A Bridge to School

New bridges are making travel easier across the hills of Bangladesh, and helping children stay in school.

Kyamalongpara, Bangladesh - Mayoisaing Marma, a sixth grade student, missed classes for about a month during the monsoon in 2007 - not because she was ill, and not because she did not enjoy studying.

She was forced to stay home because there was no bridge over the canal outside Kyamalongpara, the village where she lives. The canal overflows during the monsoon, separating the village from other parts of the region. Villagers relied on boats as their only means of transport.

Mayoisaing could go to school whenever a boat was available, but on many days it was not. This was true for about 50 other children in this area of rugged hills in Bangladesh's remote southern district of Bandarban.

But now, children do not have to rely on the availability of boats to make it to class. Boat or no boat, the children can go to school on the other side of the canal even during the heavy flooding, spurred by rain thanks to a bridge built by the Government of Bangladesh with assistance from ADB.

"We can now go to school even when there are floods," said Mayoisaing, a student of Balaghata Bilkes Begoum High School, which is a 30-minute journey on foot from her home.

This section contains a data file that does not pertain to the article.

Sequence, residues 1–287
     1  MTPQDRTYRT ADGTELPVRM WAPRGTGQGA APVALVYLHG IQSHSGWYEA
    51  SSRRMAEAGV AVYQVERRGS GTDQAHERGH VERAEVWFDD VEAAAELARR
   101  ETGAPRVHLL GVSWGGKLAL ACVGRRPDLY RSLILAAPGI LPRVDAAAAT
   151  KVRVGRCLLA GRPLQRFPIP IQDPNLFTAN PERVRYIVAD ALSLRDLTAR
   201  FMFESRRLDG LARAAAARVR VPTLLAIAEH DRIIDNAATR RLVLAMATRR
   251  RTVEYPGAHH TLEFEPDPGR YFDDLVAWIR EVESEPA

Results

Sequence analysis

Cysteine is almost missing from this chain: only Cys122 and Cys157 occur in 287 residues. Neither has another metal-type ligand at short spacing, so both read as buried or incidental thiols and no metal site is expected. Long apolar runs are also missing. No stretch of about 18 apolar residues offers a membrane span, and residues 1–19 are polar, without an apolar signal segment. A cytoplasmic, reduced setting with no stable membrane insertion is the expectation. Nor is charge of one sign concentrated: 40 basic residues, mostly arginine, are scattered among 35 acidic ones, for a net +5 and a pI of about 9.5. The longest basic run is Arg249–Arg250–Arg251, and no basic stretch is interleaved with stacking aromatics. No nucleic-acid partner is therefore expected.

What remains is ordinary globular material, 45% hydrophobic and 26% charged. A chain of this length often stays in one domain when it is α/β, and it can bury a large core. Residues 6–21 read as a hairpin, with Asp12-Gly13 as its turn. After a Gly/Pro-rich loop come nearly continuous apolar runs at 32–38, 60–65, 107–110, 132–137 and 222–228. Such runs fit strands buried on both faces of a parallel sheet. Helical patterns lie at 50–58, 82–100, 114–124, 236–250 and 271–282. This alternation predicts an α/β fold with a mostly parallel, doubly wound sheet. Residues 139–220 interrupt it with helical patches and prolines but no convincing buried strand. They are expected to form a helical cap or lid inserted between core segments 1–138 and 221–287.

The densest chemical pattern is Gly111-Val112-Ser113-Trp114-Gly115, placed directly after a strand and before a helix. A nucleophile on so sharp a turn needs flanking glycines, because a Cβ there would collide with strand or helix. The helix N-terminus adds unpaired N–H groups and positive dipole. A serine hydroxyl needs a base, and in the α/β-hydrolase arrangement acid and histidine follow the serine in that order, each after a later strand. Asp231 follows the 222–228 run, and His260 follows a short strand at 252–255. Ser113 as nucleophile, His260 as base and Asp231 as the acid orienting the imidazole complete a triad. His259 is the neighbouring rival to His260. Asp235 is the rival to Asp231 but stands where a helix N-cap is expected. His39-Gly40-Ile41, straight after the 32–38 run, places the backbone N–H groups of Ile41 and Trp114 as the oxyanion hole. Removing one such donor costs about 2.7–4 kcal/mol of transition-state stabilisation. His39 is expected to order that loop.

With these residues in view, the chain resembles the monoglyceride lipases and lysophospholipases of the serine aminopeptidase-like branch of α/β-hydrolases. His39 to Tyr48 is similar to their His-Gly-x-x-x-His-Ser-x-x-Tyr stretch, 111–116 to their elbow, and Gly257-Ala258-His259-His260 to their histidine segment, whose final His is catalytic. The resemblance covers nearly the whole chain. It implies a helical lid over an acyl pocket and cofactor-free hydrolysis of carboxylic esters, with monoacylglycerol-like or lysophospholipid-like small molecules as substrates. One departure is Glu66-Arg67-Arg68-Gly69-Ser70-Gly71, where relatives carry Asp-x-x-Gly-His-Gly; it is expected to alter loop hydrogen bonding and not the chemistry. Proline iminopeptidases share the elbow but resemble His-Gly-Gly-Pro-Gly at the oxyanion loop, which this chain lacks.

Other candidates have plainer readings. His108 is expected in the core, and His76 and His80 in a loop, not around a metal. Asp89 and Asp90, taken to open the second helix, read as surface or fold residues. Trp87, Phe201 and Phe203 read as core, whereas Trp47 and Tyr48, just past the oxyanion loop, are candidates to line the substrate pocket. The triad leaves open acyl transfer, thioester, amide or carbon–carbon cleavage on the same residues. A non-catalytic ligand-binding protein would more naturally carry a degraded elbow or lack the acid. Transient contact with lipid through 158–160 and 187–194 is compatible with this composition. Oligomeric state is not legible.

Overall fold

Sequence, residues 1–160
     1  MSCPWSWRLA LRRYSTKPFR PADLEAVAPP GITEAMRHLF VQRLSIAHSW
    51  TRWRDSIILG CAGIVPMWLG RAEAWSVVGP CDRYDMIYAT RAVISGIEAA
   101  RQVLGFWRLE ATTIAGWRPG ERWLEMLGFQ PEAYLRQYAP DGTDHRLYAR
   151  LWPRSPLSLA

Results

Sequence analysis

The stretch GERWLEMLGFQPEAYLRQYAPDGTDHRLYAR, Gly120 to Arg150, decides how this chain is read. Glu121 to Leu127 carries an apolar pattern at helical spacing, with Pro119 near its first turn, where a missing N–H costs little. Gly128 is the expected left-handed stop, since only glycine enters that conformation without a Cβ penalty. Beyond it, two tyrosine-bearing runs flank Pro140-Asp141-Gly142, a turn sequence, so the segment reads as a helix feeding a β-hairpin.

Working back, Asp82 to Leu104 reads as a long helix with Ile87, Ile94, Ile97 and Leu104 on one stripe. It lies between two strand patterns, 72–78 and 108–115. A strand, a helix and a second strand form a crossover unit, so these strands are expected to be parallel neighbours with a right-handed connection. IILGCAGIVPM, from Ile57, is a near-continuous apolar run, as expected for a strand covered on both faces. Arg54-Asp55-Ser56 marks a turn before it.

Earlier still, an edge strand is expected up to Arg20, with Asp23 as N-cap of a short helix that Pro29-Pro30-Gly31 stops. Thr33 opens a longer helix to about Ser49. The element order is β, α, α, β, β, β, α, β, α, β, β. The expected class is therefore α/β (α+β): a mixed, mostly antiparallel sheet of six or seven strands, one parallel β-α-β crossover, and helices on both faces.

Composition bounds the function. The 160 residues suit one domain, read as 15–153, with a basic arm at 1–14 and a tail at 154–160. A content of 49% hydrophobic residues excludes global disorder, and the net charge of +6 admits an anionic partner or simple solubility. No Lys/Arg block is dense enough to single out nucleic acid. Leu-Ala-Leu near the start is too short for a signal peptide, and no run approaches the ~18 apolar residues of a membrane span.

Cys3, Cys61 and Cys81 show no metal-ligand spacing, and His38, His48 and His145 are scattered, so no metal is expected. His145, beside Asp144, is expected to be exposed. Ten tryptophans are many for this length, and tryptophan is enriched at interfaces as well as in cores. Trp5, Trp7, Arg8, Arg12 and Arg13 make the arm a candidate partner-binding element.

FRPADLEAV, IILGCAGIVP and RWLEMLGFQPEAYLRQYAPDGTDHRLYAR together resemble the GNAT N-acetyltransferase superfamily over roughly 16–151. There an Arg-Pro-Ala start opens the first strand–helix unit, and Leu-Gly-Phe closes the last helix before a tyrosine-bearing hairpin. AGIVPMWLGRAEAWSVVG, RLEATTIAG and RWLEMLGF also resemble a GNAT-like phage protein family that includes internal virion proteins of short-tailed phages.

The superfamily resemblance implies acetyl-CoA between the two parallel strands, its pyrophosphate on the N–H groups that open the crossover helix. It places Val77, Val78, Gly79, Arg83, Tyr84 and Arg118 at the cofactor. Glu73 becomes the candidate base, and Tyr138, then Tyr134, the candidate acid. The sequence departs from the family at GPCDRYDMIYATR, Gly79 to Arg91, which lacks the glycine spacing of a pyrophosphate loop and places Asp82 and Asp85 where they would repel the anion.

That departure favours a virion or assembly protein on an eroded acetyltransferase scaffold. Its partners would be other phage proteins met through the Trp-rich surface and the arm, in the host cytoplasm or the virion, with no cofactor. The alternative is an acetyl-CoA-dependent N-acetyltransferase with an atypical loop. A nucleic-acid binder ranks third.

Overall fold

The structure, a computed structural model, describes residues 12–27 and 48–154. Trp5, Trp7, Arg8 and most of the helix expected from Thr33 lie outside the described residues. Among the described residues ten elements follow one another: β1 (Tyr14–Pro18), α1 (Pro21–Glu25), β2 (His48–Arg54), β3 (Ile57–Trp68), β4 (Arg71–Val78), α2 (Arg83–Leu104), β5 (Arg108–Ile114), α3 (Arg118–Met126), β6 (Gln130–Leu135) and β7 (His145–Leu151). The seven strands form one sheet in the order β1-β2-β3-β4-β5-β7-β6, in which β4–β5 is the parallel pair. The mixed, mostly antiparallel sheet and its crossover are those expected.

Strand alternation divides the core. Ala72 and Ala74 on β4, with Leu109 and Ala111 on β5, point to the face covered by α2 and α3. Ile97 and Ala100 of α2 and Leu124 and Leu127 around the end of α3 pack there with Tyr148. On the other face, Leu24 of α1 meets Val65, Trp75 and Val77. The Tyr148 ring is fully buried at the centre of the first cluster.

Built in 2008 at a cost of 554,000 taka (about $8,000) the 24-meter by 1.8-meter bridge has made travel easier for the villagers, especially during the monsoon.

"The children are happy. So are the farmers and traders who can now easily transport their products," said Mong Prue Aung, an elected member at the local Union Parishad, the lowest tier of rural local government.

He said as many as 1,500 villagers are benefiting from this small bridge. The bridge itself is a product of the villagers' choice made through the community development committee comprising 11 village representatives.

There are now 35 such bridges—locally known as culverts—helping improve rural transport in the hills of Bandarban district, according to Aungsathwi Aung, executive director at Eco- Development, a nongovernment organization that has helped the villagers design and construct the bridges under the ADB-financed Chittagong Hill Tracts Rural Development Project.

The bridges have reduced villagers' travel time and provided them with better access to market. "We are saving much time now. We are saving money too," said Maung Swai, a 75-year-old villager. "Time is really proving to be money."

That's thanks to these bridges built in the area, Swai said, pointing to the culvert over Kyamalong canal outside his village.